UK & World News

  • 16 February 2014, 12:07

Loud Music Murder Trial Ends With Split Verdict

A man in Florida has been found guilty of attempted murder for opening fire on a car carrying four teenagers after an argument about loud rap music, but jurors could not reach a verdict on the most serious charge of first-degree murder.

Michael Dunn, 47, fired 10 rounds at the vehicle at a Jacksonville gas station in November 2012, killing 17-year-old Jordan Davis.

After more than 30 hours of deliberations, 12 jurors said they were deadlocked on the first degree murder charge against Dunn, forcing the judge to declare a mistrial on that count.

The jury found him guilty of three counts of attempted second-degree murder and a count of firing into an occupied car.

Dunn showed no emotion as the verdicts were read. Mr Davis' parents both left the Jacksonville courtroom in tears.

But the three guilty verdicts on the charge of attempted second degree murder against the other teens in the car, mean that Dunn still faces a sentence of at least 60 years in jail, legal experts say.

Prosecutors told a news conference after the verdicts that they plan to retry Dunn on the first degree murder charge.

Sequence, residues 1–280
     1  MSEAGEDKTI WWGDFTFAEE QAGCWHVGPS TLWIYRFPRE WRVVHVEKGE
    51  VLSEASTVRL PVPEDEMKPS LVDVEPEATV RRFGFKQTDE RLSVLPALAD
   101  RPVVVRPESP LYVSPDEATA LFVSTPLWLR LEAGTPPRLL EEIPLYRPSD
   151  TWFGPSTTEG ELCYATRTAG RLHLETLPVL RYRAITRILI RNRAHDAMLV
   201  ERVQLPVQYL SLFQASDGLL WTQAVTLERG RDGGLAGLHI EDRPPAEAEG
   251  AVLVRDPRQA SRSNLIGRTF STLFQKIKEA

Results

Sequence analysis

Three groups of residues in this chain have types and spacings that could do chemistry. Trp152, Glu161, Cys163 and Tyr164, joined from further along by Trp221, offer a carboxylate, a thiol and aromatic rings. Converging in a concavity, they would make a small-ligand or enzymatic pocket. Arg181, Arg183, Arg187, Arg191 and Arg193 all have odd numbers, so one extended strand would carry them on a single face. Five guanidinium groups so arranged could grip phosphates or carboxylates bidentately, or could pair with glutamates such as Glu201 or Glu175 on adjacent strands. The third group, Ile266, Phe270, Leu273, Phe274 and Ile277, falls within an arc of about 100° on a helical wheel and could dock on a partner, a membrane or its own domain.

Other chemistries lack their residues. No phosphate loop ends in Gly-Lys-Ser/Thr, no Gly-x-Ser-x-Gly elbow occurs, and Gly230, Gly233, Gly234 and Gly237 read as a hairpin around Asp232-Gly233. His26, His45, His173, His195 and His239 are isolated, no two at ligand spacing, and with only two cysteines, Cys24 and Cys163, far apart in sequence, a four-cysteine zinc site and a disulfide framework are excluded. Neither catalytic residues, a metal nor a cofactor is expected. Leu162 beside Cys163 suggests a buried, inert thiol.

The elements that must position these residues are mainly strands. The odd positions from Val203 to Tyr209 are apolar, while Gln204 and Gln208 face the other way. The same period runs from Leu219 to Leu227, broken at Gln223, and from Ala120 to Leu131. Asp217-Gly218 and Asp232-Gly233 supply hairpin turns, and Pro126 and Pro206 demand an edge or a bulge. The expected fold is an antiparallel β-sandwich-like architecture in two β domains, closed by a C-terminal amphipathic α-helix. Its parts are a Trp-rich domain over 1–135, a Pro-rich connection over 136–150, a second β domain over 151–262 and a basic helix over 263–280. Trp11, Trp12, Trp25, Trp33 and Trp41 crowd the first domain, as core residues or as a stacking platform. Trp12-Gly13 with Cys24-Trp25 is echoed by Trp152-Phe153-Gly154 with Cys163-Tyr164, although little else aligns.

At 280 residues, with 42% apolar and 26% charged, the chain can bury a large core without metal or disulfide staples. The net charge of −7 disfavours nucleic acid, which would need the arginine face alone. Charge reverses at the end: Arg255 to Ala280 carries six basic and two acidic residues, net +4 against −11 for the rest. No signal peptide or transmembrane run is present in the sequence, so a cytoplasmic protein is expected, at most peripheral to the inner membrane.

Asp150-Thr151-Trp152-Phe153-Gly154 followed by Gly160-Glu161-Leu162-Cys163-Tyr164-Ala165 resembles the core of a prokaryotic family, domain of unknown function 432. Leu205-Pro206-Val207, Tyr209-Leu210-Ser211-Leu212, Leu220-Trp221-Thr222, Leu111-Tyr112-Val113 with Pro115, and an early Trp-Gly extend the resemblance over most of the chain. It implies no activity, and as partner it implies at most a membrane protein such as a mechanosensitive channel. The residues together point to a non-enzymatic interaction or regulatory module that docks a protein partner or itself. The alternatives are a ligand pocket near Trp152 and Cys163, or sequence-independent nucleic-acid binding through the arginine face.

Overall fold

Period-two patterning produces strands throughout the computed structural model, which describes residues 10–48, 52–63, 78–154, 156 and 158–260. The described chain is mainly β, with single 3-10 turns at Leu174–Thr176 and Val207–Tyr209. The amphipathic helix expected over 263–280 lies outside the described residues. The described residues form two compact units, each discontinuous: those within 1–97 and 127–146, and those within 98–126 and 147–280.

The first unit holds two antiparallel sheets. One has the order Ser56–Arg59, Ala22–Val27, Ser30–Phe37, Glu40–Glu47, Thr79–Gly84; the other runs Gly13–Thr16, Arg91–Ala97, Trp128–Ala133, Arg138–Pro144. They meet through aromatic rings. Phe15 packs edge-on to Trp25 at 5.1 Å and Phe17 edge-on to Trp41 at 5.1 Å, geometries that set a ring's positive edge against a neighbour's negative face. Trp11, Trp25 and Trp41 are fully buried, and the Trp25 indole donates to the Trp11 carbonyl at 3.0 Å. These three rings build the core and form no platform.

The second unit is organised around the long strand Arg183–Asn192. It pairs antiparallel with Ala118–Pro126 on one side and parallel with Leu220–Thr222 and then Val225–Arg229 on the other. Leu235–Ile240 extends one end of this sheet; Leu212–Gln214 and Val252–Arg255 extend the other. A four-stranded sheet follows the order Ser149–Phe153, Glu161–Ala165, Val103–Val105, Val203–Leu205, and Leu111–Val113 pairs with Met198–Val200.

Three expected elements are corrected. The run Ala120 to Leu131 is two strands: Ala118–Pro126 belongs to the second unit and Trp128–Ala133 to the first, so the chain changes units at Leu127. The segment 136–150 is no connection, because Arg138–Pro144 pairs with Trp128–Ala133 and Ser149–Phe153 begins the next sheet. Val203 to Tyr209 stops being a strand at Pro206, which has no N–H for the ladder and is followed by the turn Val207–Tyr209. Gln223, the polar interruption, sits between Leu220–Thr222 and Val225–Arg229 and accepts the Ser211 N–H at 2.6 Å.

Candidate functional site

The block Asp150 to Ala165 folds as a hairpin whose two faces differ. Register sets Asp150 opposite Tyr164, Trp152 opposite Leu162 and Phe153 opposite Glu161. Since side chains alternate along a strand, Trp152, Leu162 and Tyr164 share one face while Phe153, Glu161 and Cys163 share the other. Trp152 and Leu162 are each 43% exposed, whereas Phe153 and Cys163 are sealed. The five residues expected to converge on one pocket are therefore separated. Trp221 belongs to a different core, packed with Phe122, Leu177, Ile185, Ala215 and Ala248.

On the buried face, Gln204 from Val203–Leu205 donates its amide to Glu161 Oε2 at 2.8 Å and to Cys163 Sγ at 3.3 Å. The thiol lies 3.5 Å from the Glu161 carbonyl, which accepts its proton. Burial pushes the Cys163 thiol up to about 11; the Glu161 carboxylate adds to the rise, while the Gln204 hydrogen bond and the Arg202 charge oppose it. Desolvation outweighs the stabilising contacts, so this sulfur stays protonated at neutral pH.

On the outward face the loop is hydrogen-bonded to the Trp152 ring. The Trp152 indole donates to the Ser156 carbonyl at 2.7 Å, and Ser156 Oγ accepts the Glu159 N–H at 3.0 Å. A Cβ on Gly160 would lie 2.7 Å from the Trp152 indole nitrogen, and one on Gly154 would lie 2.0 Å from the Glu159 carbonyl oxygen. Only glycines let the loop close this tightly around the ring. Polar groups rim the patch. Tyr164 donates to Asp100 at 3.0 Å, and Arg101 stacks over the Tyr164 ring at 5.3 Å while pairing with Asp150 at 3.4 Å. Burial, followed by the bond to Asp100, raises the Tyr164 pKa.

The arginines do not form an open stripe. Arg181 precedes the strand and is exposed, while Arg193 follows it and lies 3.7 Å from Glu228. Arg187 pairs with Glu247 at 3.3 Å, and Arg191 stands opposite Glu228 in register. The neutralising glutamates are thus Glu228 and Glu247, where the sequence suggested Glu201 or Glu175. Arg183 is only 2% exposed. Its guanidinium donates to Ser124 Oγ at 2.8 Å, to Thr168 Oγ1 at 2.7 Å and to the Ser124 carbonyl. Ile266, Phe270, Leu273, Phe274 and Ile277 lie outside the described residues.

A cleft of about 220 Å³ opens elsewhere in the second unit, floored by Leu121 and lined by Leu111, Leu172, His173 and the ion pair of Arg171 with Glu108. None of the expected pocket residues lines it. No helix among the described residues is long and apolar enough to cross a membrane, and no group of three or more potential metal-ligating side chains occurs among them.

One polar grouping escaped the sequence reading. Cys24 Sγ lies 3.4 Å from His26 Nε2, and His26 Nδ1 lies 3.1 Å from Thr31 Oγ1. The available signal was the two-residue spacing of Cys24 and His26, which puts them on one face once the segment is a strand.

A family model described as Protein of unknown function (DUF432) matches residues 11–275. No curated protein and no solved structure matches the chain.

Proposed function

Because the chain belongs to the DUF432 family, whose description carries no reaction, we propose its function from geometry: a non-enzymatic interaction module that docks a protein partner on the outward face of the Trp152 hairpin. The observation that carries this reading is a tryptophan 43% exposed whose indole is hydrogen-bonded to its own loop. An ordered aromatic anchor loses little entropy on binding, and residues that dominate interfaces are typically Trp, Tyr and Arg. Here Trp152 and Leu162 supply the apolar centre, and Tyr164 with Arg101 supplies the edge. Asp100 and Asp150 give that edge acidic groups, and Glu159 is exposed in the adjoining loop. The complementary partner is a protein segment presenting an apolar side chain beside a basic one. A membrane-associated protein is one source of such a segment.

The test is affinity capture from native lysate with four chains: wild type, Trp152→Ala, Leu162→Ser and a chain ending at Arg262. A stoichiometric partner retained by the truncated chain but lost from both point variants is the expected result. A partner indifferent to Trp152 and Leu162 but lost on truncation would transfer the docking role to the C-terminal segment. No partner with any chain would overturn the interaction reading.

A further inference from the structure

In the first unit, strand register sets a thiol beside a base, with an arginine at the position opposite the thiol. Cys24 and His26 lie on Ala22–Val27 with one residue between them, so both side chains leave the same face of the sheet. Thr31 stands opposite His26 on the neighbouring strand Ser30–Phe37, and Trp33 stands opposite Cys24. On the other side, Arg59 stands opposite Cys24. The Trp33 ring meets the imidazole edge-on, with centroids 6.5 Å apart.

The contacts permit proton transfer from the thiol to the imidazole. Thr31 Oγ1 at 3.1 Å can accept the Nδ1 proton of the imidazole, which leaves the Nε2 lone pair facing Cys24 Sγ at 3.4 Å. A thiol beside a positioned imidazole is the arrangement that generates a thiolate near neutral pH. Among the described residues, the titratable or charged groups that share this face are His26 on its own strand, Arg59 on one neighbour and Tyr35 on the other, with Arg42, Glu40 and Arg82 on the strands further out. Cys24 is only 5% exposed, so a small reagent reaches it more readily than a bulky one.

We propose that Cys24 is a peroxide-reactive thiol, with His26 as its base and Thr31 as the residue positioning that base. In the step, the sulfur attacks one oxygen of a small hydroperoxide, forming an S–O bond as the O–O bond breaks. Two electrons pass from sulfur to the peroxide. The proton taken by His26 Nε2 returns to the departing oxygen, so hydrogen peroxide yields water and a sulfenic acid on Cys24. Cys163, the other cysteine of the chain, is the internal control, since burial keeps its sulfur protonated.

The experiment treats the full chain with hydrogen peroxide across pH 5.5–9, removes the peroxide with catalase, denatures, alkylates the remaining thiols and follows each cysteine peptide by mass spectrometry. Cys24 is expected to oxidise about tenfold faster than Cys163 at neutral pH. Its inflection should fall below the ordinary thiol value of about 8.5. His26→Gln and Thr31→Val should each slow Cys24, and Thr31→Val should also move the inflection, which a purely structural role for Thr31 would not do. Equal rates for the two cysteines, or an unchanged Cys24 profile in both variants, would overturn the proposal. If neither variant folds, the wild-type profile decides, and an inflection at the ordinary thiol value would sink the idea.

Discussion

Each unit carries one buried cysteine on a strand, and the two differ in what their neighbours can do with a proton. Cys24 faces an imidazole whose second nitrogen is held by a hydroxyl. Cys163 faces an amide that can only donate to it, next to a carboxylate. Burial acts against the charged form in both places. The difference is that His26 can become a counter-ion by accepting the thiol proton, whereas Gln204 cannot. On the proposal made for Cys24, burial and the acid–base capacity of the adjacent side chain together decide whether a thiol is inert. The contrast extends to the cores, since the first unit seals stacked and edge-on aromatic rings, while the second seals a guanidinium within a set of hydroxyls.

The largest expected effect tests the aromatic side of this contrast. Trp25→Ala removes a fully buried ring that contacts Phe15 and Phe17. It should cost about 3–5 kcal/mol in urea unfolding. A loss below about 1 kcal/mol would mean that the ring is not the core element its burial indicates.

The trial is the latest US case to raise questions about self-defence and race.

Dunn, a software engineer, is white and Mr Davis was black.

The shooting took place just six months after George Zimmerman was acquitted of any crime for shooting dead 17-year-old Trayvon Martin in Sanford, about 125 miles (201km) south of Jacksonville.

The Dunn trial was prosecuted by the same State Attorney's Office as was the Zimmerman case.

After the trial, Mr Davis' mother Lucy McBath said: "It's sad for Mr Dunn that he will live the rest of his life in that sense of torment. I will pray for him. I will ask my family to pray for him.

"But we are so grateful for the charges that have been brought against him, we are so grateful for the truth."

Dunn, who had no prior convictions, testified earlier this week that he began shooting in a state of panic after he thought he saw the barrel of a gun in the back window as Jordan started to get out of the car.

Prosecutors said Mr Davis, who had no arrest record, used foul language when confronting Dunn after the argument broke out, but was unarmed and never posed a physical threat.

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